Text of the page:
Pittsburgh Pirates general manager Neal Huntington recently sat down with Post-Gazette columnist Ron Cook for a discussion on the offseason. Cook reported Sunday that much of the conversation revolved around the indecision of free-agent pitcher A.J. Burnett.
Burnett, who will be 37 by Opening Day 2014, initially said he would take a couple weeks after the season to decide if he will return for his 16th MLB season. Now, two months after the Pirates were eliminated by the Cardinals in the National League Division Series, Burnett has yet to make a call.
Huntington told Cook that Burnett’s wavering hasn’t prevented the Pirates from engaging in free-agent and trade discussions, although the Bucs’ relative inactivity over the past several weeks could speak otherwise. Considering the Pirates declined to pay the standard qualifying offer (about $14 million) to Burnett, it stands to reason that signing him would take up a significant portion of the room under their budget.
As one would imagine, Huntington mentioned the Pirates have a “Plan B” for their starting rotation sans Burnett, which would include Francisco Liriano, Charlie Morton, Gerrit Cole and potentially Stolmy Pimentel and/or Brandon Cumpton. Promising prospects Jameson Taillon and Nick Kingham were also brought up.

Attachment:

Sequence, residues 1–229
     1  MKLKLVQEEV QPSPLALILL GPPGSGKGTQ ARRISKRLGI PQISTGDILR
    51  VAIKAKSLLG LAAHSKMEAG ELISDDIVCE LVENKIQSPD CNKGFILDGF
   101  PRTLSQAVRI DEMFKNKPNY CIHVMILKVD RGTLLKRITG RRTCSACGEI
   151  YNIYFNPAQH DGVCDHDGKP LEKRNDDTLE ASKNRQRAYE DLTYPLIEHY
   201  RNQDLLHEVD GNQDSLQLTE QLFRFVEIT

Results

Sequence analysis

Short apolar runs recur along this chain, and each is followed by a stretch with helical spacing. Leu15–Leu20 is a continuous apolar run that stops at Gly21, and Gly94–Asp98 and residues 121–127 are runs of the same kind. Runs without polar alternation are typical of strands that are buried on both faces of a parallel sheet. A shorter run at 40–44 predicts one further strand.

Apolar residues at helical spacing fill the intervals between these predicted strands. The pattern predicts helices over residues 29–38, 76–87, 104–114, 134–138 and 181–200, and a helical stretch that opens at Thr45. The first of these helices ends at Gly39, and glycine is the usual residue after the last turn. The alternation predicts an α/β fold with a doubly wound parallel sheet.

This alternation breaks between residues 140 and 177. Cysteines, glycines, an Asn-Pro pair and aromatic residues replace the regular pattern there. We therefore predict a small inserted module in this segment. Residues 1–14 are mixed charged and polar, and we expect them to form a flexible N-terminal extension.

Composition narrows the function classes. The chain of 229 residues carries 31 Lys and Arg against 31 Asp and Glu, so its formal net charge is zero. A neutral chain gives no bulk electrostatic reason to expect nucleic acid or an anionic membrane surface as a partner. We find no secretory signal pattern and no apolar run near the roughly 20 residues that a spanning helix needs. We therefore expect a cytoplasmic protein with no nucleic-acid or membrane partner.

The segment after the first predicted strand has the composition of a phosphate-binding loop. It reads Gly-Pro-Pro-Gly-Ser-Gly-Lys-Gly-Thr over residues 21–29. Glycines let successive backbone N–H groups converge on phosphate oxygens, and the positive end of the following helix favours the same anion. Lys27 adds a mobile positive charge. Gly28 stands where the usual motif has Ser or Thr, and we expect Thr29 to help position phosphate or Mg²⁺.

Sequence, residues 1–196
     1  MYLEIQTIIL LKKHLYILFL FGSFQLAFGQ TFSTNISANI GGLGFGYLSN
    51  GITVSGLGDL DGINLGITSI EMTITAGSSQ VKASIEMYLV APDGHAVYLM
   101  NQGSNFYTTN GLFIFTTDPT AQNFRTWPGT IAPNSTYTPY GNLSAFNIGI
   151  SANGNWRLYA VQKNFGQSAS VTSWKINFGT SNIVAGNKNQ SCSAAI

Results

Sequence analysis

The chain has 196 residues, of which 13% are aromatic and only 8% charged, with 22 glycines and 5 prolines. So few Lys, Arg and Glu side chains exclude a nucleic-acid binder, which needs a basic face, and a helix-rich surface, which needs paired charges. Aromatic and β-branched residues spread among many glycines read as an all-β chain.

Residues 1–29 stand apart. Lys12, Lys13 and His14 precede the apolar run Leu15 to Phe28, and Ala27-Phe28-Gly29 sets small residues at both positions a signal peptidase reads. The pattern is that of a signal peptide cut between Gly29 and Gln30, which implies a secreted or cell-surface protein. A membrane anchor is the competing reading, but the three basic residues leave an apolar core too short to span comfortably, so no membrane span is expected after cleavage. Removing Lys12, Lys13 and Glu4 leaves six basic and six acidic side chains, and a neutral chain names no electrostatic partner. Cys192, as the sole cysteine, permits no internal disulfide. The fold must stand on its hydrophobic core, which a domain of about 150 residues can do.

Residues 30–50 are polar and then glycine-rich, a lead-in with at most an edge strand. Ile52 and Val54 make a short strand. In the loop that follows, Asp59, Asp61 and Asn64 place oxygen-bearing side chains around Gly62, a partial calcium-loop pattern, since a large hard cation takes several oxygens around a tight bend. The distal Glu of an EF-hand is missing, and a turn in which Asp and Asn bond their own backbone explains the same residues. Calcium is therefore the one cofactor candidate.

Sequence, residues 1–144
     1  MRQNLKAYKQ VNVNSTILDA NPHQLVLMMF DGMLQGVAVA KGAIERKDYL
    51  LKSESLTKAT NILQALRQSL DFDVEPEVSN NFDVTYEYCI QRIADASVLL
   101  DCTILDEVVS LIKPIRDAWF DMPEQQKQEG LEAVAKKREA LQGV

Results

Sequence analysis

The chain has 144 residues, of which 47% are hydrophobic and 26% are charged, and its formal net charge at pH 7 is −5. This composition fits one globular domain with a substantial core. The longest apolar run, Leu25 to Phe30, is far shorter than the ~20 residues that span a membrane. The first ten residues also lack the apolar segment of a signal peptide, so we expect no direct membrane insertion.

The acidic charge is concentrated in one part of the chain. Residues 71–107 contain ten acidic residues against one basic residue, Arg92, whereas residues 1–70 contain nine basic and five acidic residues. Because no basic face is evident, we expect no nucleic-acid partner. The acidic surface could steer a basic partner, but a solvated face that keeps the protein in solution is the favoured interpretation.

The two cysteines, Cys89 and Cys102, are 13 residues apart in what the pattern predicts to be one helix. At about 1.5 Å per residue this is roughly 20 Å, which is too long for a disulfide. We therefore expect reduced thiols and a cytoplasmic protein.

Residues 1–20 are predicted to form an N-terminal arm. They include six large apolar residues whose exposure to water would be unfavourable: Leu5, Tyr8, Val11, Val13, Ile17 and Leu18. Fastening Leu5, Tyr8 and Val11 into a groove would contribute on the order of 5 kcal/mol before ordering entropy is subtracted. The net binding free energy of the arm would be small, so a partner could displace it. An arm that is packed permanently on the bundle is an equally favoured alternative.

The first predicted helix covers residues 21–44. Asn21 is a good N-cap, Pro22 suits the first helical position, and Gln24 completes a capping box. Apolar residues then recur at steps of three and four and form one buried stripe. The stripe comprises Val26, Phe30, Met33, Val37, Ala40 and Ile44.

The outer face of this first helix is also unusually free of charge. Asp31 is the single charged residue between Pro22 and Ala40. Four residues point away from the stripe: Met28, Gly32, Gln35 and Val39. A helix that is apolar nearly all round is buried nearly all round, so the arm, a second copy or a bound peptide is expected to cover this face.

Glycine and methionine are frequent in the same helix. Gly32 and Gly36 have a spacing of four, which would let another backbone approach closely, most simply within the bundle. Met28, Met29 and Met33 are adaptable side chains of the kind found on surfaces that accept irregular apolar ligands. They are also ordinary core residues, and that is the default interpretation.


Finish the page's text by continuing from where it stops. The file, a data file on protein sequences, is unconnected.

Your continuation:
One thing Huntington immediately dismissed is the recent report the Pirates were interested in trading multiple youngsters for Rays ace David Price. The Pittsburgh GM told Cook that Price’s price – both literal and in terms of what it would take to acquire him for the next two years – prohibits that glamorous option.
“That’s not just Pittsburgh-centric. There are a lot fewer clubs that can play at the top of the market than clubs that can’t. We just can’t afford to do ‘X.’ Well, we could, but then how would we build a championship-caliber club around that one player?”
If you thought the Pirates might be more willing to spend following a playoff season, that statement should discourage the notion. Perhaps next year’s expected increased ticket sales could change things, but for this offseason it’ll be the same bargain-hunting strategy that Huntington has employed since arriving in Pittsburgh six years ago.
That’s not necessarily a bad thing, as Huntington has refined his methods to an impressive degree. Still, it’s a harsh reminder that the Pirates will never be in the top half of MLB in terms of revenue.